How to print a brain - the initial steps
To understand the biological processes that take part within living organisms, and also as an alternative method to animal experimentation, researchers are trying to develop new models that mimic real tissues and organs, and that behave as the real ones. This field of research, tissue engineering, is a multidisciplinary field where medicine and engineering work together in order to replace, regenerate or improve a part or function of the body.
However, first approaches in vitro (in the lab, outside the normal biological context of the cells), were performed in 2D (two dimension, into a plane). These configurations did not allow cells to behave properly, as they do not recognize the environment where they are placed, which is far from being similar to their natural one.
3D printing is a technique that has been recently developed to produce three-dimensional objects. It works in the same way that a paper printer, but instead adding layers of ink to make words or images, 3D printers adds layers of a specific material to make an object. This technique has spread very much in recent years, reaching different fields such as fashion, engineering and medicine. Thanks to this spread and because of its layer-by-layer process, it has become a critical tool in tissue engineering. Due to the limitations of 2D tissue models, many research groups are focused on the development of new 3D tissue models using these machines. 3D printing tissue allows for the accurate positioning of cells, and also offers the opportunity of simultaneously printing several biomaterials. These materials will form the extracellular matrix (ECM) of the cells, which is the physical structure (scaffold) in which they will attach, proliferate and evolve until they organize in a tissue-like manner.
To understand this work, we have to know that the brain is an enormously complex organ structured into various regions of layered tissue, and has a lot of interconnected networks, which makes it especially difficult to replicate.
One of the research groups that is developing these 3D models was able to produce a new 3D layered brain-like structure using a hydrogel called "Gellan Gum" (GG) as the material for the scaffold. A modified peptide (short chain of amino acid) was added to the GG to improve its properties, and then they also added neural cells obtained from the brain of mice. These cells were covered by a thin layer of hydrogel before the 3D printing process, in order to protect them. Then, they used this mix (GG, peptide, and cells), to print a 3D model of a layered neural tissue, much like the brain!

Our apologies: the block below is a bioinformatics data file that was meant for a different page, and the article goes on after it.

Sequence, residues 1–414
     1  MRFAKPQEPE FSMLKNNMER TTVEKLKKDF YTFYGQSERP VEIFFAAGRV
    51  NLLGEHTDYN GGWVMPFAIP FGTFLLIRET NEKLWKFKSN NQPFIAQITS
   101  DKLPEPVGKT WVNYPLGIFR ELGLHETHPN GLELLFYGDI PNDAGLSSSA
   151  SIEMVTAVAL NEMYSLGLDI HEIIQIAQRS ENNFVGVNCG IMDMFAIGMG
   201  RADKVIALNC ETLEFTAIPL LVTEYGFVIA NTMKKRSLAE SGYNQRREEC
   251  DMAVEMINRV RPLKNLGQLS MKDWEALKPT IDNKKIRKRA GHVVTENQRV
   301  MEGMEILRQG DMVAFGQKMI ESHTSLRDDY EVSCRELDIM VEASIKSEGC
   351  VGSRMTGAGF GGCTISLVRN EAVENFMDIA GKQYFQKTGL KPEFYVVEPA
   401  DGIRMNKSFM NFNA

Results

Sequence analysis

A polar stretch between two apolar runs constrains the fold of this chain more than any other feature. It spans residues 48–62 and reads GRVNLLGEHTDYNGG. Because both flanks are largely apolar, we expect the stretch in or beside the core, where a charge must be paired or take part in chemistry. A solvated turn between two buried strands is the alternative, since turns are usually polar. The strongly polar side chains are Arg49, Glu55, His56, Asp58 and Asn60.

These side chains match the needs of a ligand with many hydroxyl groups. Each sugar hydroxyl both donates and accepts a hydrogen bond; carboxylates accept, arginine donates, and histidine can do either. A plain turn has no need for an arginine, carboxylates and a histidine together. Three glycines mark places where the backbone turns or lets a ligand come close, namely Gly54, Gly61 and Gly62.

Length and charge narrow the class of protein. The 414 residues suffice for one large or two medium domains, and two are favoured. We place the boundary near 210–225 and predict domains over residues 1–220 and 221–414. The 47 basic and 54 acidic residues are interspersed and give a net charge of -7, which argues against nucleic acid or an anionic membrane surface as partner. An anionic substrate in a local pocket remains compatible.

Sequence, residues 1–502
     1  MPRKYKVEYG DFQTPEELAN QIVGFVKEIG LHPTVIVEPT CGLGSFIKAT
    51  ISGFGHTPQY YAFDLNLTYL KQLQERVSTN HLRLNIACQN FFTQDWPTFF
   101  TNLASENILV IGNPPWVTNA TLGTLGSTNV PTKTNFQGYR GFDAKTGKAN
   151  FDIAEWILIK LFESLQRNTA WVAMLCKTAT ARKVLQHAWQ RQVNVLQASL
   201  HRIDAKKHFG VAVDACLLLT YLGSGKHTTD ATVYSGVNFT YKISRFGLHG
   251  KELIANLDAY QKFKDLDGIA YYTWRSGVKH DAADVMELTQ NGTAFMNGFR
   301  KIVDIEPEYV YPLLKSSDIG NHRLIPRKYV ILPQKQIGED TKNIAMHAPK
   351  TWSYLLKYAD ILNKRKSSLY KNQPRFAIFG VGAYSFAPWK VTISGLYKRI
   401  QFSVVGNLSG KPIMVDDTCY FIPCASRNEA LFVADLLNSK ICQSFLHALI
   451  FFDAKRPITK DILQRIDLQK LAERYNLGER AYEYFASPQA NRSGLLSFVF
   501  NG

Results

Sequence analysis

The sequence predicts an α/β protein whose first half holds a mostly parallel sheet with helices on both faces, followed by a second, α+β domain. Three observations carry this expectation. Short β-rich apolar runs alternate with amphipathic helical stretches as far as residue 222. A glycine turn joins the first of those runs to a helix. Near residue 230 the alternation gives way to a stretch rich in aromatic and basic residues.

Hydrogels, which are polymeric soft materials composed by a huge amount of water, have been adopted as standard extracellular matrix substitutes because cells can live in them. These materials are also very interesting because they can degrade as cells generate new tissue.
This group developed a material in which cells are able to live and thrive; and in addition, the modified peptide they added helped to promote cell adhesion and proliferation compared to the same materials without this specially modified peptide. They also studied other properties of the new material, such as the porosity and the diffusion of the material, which are important properties for facilitating nutrients, oxygen and waste exchange between cells and their culture medium. The results were also positive and they revealed the importance of different parameters carried out along the study that affects network size and its porosity. For example, if the pore is very small, cells cannot travel along the material, and the nutrients cannot be delivered. If they are very big, cells will not be comfortable and they could not create a new tissue
This first study was meant to validate a low-cost, simple extrusion technique and a bio-ink with the potential to organize neuron subtypes in layered structures, using a process that could be performed in any cell culture laboratory or bioprinter.
These brain-like structures offer the opportunity to provide a more accurate representation of 3D in vivo environments with applications ranging from cell behavior studies, understanding brain injuries and neurodegenerative diseases to drug testing. Finally, we cannot forget, that all these three-dimensional models offer an alternative to animal testing.
Original Article:Lozano R, Stevens L, Thompson B et al. 3D printing of layered brain-like structures using peptide modified gellan gum substrates. Biomaterials. 2015;67:264-273. doi:10.1016/j.biomaterials.2015.07.022.
Dr. Carlos Javier Rivera-Rivera , Managing Editor
We thought you might like
Hacking the tryptophan metabolic process to reduce neurodegenerationApr 25, 2017 in Health & Physiology | 3 min read by Carlo Breda
The power of our adaptive immunity against Alzheimer’s DiseaseMay 10, 2017 in Health & Physiology | 3 min read by Daniele Guido
More from Maths, Physics & Chemistry
How an artificial intelligence bends a single moleculeJul 9, 2021 in Maths, Physics & Chemistry | 4.5 min read by Christian Wagner , Klaus-Robert Müller , F. Stefan Tautz
What can land-free Earth teach us about climate evolution?Jun 28, 2021 in Maths, Physics & Chemistry | 4 min read by Ariadna Fossas Tenas
Strip it out and build it back! Engineering a morphogen gradientJun 16, 2021 in Maths, Physics & Chemistry | 3.5 min read by Luca Cocconi , Marc de Gennes , Guillaume Salbreux